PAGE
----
No cigar.

Trying a new tool

It looks like the packet is configured correctly. So what’s happening here? We’ve ruled out the hypotheses that the script is not sending a packet, or that the packet is misconfigured. But what if MacOS and Linux handle this flag differently?

The next step here was trying to find a different way to construct and send a packet. If we can get this attack working with a different method, we can rule out the fact that RST packets work differently in MacOS or Linux.

I read a little bit about other ways of sending a spoofed RST packet to the client, and found this handy tool called netwox that can be used to forge packets. This presentation has a good example of a TCP attack.

So, I used the netwox tool after installing it, by running:

$  sudo netwox 40 -l -m -o 8000 -p 33760 -B -q 3545181336

Where 33760 is the port number of the client, and 3545181336 was the correct sequence number. Lo and behold, it worked! The connection closed!


Spot the difference between these packets!

Alright, so we have an example of the working packet, and an example of the “not working” packet. Let’s see if you can spot the difference!


It’s subtle. It turns out the ethernet destination address on the packets is different.


So, at this point, we know there’s no difference between how MacOS and Linux handle the RST flag in TCP. However, scapy and netwox configure the packet differently such that the destination MAC address is the “broadcast” address on scapy and 00:00:00:00 with netwox.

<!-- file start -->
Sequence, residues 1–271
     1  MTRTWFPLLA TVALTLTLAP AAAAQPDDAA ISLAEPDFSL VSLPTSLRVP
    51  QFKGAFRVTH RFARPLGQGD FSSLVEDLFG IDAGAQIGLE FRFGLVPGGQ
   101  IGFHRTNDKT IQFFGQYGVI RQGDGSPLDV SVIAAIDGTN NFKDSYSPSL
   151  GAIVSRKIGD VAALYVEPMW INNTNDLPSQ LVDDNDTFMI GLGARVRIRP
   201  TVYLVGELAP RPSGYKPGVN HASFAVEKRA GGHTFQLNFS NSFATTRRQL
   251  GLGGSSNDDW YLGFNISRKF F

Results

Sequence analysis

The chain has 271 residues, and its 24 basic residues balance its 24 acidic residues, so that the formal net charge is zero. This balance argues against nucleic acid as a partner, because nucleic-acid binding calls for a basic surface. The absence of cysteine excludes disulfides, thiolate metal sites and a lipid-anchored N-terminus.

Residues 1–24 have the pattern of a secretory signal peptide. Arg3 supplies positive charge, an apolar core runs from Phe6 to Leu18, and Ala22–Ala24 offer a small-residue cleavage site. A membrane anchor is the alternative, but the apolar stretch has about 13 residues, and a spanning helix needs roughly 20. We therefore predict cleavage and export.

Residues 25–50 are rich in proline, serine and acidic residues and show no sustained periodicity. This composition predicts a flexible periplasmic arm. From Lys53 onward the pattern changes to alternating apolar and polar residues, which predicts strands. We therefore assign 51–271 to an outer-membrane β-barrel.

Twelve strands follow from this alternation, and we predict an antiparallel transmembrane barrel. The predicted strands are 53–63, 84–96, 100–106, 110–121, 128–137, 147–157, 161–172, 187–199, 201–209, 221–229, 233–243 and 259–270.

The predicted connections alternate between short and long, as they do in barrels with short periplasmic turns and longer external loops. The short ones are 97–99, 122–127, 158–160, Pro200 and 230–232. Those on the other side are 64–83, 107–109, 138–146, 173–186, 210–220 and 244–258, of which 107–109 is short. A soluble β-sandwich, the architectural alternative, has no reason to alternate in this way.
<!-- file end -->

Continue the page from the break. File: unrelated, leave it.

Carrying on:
At this point I finally decided to look at the scapy documentation (probably should have done this earlier) and it turns out in the troubleshooting section, they have a section about just this. From the docs, they discuss how the “loopback” interface is different to other network interfaces, and how link-level packets sent on the loopback interface don’t actually get disasembled/assembled (and therefore read by applications).

The solution that scapy offers is adding the line of code conf.L3socket=L3RawSocket to your file. I tried this out, and the TCP Reset attack actually worked!

What’s the deal with this socket setting?

What’s actually going on here, and why did the change that scapy suggests work? The answer is in the details of the socket syscall. Note that in this page, it mentions that sockets can listen on different “domains”, or “protocol families”. By default, scapy uses the PF_PACKET protocol family when it opens a socket to send a packet. This is a link-layer (Ethernet) protocol, which is why packets sent via scapy by default have the ethernet broadcast address (ff:ff:ff:ff) as a destination. These packets, however, being link-layer packets, when addressed to the loopback address don’t get routed there correctly, even though they show up in wireshark, because of how the loopback interface works in Linux.

Using the PF_INET protocol family, packets do make it to applications listening on the loopback interface, because these packets are network-layer packets that do get routed appropriately by the OS to applications listening on the loopback interface.


While I probably should have dug into what exactly scapy was doing earlier, going through this exercise of debugging why the TCP Reset attack wasn’t working was really helpful and taught me a lot about computer networks and how to debug them!

Further Reading

Sid Shanker <sid.p.shanker at gmail.com>